3) Apartheid in the Church is wrong. I stayed in Jackson for six months and came across strong remnants of the racism that has so blighted the South in the US. One example will suffice. There was a large Baptist church that had made a $10 million move from the edge of the city centre out to the suburbs. I asked one of the pastors in a Presbyterian Church that was staying, why did they move? His answer was simple. White flight. The area was becoming 'blackened' and the church, which was 95 per cent white, was going to move. No matter how it was dressed up, it was $10 million-worth of racism. But then I saw it on the other foot as well. A friend took us to a black Baptist church in West Jackson to celebrate Black History month. It was a strange and salutary experience for me. We were the only white people in a congregation of some 400. One of the pastors told me that there were even some people who objected to us being there, in 'their' church. I guess racism works all ways.
Here is the $64,000 question. Are churches based on ethnic or racial grounds ever justified? Biblically. I know it's not fashionable to say so and it goes against what some missiologists tell us but my concern is with what the Head of the Church says. Did Jesus die for us so that we could work together, live together, play together but on Sundays go our separate ways so that we do not worship or pray together? I just can't see it. Since when did Church have to be PLUS (People Like US)? As someone who regularly defends the Christian Gospel to unbelievers, you know what one of the great 'apologia' for the Gospel is? A church where people of different races are worshipping and serving Christ together. Commenting on the different races, social classes and ages in our church, one visitor said to me "what is it that you all have in common?" The answer of course was obvious – "nothing except Jesus"!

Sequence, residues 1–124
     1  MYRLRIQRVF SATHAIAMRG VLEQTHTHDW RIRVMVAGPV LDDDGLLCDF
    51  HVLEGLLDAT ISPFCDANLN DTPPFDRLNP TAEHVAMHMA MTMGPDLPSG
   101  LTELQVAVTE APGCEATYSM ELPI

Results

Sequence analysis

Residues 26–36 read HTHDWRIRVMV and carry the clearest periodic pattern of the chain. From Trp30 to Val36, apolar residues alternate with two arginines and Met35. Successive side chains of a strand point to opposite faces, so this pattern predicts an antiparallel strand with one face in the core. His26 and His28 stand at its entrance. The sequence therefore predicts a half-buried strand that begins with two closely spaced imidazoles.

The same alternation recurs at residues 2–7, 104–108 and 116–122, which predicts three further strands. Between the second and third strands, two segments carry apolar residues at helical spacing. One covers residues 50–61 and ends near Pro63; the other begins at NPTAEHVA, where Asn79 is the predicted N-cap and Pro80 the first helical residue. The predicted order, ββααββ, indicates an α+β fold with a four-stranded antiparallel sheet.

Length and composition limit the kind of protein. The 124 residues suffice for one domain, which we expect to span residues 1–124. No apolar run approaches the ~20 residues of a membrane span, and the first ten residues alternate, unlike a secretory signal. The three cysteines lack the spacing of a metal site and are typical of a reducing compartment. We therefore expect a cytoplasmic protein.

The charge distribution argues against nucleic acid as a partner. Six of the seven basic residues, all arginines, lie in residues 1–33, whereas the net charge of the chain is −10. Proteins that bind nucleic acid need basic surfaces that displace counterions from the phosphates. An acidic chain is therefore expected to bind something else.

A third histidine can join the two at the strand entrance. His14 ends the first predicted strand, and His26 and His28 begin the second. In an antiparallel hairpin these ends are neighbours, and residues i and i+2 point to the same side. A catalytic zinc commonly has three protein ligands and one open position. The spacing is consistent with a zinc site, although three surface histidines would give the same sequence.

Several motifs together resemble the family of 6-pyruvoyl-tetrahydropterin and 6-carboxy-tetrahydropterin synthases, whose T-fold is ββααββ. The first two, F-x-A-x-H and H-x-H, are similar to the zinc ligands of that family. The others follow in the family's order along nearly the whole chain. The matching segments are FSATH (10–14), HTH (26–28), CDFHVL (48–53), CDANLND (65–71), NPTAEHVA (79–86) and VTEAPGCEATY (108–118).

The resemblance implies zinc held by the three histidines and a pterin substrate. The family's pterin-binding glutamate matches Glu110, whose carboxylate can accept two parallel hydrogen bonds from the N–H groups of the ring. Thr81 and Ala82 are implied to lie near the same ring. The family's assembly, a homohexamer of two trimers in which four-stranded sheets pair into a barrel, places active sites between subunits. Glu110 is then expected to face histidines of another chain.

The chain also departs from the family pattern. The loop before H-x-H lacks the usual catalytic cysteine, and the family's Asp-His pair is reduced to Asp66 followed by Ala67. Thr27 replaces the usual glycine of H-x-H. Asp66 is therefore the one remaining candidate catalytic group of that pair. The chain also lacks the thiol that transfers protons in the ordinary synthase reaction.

I realise that the argument is not as simple as I am putting it. Questions of language, culture, styles etc have to taken into account. But can anyone justify biblically having a Scottish Church in London? Or a Chinese Church in Edinburgh? Or a Nigerian Church in Belfast? Or a Korean Church in New York? An English Church in Paris? An American Church in Berlin? Personally while I am sure that most of us would regard the kind of hard racism as seen in Selma as disgusting, I wonder if we are too prepared to give up on the unity of the body of Christ and perpetuate a kind of 'soft racism', calling it separate development for the good of the Kingdom. You know that the Afrikaans word for separate development is 'apartheid'. Do we really want to practice spiritual apartheid? "After this I looked, and there before me was a great multitude that no-one could count, from every nation, tribe, people and language, standing before the throne and before the Lamb". (Revelation 7:9). Does the Bible really teach that while this will be the reality in heaven, on earth we are to divide into our separate nations, tribes, peoples and languages, in order to worship and serve the Lamb? Maybe the lesson from Selma is that we need to stop repenting of other people's racism, and start repenting of our own?